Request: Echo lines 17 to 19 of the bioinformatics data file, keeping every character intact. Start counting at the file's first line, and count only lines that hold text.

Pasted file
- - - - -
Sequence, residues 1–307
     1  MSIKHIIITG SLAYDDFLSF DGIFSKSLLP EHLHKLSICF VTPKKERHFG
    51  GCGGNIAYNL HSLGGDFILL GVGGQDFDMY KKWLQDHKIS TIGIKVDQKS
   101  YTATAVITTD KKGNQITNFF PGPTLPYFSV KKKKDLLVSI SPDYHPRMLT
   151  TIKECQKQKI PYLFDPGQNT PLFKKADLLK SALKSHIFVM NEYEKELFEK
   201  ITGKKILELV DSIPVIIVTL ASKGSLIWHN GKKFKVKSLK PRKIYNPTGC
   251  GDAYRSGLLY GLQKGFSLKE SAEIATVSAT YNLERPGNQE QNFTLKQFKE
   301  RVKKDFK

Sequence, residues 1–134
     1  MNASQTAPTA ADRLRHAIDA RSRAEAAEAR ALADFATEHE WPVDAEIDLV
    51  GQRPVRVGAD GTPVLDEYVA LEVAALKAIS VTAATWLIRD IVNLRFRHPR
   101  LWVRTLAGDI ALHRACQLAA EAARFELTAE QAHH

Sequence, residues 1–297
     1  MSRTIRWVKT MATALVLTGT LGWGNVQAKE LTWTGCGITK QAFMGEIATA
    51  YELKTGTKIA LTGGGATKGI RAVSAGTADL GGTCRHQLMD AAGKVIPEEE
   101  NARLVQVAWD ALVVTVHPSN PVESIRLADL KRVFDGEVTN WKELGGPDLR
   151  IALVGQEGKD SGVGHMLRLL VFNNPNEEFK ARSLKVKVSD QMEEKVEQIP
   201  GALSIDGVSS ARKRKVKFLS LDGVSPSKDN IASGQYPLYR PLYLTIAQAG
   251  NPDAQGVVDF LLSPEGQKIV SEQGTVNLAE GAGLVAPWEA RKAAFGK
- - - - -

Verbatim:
   151  IALVGQEGKD SGVGHMLRLL VFNNPNEEFK ARSLKVKVSD QMEEKVEQIP
   201  GALSIDGVSS ARKRKVKFLS LDGVSPSKDN IASGQYPLYR PLYLTIAQAG
   251  NPDAQGVVDF LLSPEGQKIV SEQGTVNLAE GAGLVAPWEA RKAAFGK